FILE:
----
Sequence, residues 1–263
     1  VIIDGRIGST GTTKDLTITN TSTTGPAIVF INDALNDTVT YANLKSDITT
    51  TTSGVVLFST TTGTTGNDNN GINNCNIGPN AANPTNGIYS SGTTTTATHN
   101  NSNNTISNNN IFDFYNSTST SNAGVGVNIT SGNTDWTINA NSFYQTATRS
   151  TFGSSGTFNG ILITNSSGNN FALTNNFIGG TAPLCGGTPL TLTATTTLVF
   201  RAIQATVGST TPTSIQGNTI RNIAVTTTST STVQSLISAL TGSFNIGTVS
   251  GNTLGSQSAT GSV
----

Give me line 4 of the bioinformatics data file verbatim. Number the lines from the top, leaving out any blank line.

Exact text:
   101  NSNNTISNNN IFDFYNSTST SNAGVGVNIT SGNTDWTINA NSFYQTATRS